NHS CESR Applications for Emergency Medicine or ED Consultants
November 05, 2021
In this article we provide guidance on evidence to be supplied for an application onto the Specialist Register for Emergency Medicine, with a Certificate of Eligibility for Specialist Registration or CESR.
What is CESR in Emergency Medicine in the NHS?
As a Emergency Medicine doctor, attaining CESR will mean you are qualified to practice independently as a Emergency Medicine or ED consultant in the NHS. Have a read through our CESR articles found in the IMG Library to understand a little more.
Do I need MRCEM to attain a CESR in Emergency Medicine?
Yes, Emergency Medicine is one of the few specialism where there are no recognised equivalents to MRCEM. Any doctor wishing to attain Specialist Registration via the CCT route will attain FRCEM in addition.
What is the indicative period of training for a CCT in Emergency Medicine?
The indicative period of training for a CCT in Emergency Medicine is six years and it is very unlikely that an applicant would achieve the competencies required for a CCT in a shorter period of time.
The evidence you collect for your CESR application should reflect this period of training, which consists of:
Two years in the Acute Care Common Stem (covering areas of Emergency Medicine, Anaesthetics, Intensive Care Medicine and Acute Medicine)
Four years of training in Emergency Medicine (covering areas of Paediatric EM, EM and EM ultrasound)
CESR applicants will need to demonstrate they have achieved the competences in each of these areas.
The EM ultrasound competences (EMUS) can be shown by completing the triggered assessments outlined in the EM curriculum (level 1 or equivalent).
The assessments forms for Core Ultrasound can be found in the RCEM EMUS booklet (Appendix 2).
The first three years of training make up Core Specialty Training, the final years of training are known as Higher Specialty Training.
Do not submit original documents – this is very important.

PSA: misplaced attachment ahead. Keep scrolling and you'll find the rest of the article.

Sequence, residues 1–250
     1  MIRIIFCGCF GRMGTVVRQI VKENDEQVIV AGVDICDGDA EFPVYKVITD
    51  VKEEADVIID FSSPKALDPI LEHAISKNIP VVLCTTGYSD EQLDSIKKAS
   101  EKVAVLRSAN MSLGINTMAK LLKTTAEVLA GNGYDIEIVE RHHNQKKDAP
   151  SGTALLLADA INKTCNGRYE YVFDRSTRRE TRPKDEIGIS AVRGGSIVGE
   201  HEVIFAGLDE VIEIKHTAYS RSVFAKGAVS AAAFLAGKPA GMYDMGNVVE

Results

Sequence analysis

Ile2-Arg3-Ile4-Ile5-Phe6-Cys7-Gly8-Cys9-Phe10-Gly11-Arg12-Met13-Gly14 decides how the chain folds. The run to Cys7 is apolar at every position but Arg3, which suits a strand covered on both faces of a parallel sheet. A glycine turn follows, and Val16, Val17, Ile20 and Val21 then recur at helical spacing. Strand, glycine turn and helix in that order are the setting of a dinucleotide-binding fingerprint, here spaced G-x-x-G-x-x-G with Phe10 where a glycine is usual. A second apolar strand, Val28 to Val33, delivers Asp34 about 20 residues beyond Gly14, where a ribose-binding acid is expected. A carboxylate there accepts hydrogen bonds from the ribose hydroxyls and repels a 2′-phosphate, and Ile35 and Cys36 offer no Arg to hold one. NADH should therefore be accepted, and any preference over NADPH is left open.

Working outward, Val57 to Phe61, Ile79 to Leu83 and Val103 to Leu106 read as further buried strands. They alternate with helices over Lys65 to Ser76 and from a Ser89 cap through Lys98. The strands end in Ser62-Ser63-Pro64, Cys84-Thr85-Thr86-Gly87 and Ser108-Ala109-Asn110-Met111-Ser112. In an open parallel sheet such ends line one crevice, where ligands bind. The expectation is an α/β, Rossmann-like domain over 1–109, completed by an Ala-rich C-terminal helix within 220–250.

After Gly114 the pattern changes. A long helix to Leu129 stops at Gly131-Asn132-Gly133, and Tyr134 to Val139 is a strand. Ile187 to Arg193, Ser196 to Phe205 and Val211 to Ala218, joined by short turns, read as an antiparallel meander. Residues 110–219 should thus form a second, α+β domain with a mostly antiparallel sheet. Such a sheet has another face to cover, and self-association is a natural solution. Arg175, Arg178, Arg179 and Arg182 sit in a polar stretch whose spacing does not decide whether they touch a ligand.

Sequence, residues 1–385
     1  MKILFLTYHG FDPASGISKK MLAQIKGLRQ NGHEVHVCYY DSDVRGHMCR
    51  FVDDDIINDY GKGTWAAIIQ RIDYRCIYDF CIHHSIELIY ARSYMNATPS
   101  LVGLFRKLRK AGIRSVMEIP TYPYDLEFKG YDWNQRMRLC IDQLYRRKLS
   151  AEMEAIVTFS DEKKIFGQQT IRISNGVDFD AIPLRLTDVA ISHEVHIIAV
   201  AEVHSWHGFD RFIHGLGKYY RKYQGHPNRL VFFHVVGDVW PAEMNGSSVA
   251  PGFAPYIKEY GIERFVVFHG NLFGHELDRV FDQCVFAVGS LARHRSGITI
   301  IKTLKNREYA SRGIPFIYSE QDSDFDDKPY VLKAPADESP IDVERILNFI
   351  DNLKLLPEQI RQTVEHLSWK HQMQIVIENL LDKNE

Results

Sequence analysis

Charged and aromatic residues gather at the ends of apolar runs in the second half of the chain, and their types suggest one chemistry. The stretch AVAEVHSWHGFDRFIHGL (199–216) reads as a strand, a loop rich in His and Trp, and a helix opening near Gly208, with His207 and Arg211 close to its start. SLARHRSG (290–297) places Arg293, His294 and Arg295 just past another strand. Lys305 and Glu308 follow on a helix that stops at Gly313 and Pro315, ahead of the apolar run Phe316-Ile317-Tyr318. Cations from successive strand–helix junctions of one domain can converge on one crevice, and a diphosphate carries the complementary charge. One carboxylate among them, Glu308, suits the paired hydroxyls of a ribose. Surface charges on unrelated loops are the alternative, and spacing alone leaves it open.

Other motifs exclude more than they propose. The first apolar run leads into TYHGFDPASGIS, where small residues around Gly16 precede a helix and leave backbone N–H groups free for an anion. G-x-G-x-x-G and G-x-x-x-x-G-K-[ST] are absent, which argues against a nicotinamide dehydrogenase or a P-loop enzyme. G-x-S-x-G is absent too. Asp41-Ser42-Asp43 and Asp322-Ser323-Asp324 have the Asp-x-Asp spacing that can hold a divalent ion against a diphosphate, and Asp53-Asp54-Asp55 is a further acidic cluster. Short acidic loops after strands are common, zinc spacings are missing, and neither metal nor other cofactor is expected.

All your copies, other than qualifications you’re getting authenticated must be accompanied by a proformas signed by the person who is attesting to the validity and accuracy of your evidence (your verifier).
The GMC recognises that doctors will often not have all the evidence required for a complete CESR application, often many doctors will start their application and delay starting their application until they are able to gather all the evidence.
The evidence must cover the knowledge, skills and qualifications to demonstrate the required competencies in all areas of the Emergency Medicine Curriculum.
If evidence is missing from any one area of the curriculum, then the application will fail.
If you have a piece of evidence that is relevant to more than one domain, do not include multiple copies in your bundle. Instead include one copy and list it in your evidence list under each relevant area, stating that the document is located elsewhere.
The GMC asks that only evidence that is strictly relevant is sent as it will help them to process the application quicker. The guidance on compiling your evidence will help you to decide what is relevant and what is not – make sure you are reading the latest version on the GMC website –here.
It is important to note that evidence that is more than five years old will be given less weight than more recent evidence, so you may not need to include it. As a general guide, an application for CESR could expect to see around 800-1000 pages of evidence.
The types of evidence are divided into four different domains, the GMC recommends that you apportion the evidence provided as per the pie chart below:
Please note, you cannot compensate for evidence lacking in one area by providing more evidence in another area.
Make sure to anonymise your evidence:
It is very important to anonymise your evidence before submitting it to the GMC.
You must remove the following:
All patient identifying details
Details of patients’ relatives
Details of colleagues that you have assessed, written a reference for, or who have been involved in a complaint you have submitted. This includes:
Names (first and last)
contact details such as phone numbers or email addresses
NHS numbers & other individual patient numbers
If you have any questions or uncertainties, please do not hesitate to get in touch with the IMG Connect team. However, your official point of reference for any queries should the GMC – they can answer and provide the most updated information on CESR applications for overseas Emergency Medicine doctors looking to work as NHS Consultants in Emergency Medicine.
Don’t hesitate to get in touch using the buttons above (and below) to discuss emergency medicine doctor job options in the NHS, including discussions regarding, CESR, a typical doctor salary in the UK and the most suitable NHS job & hospital locations for you.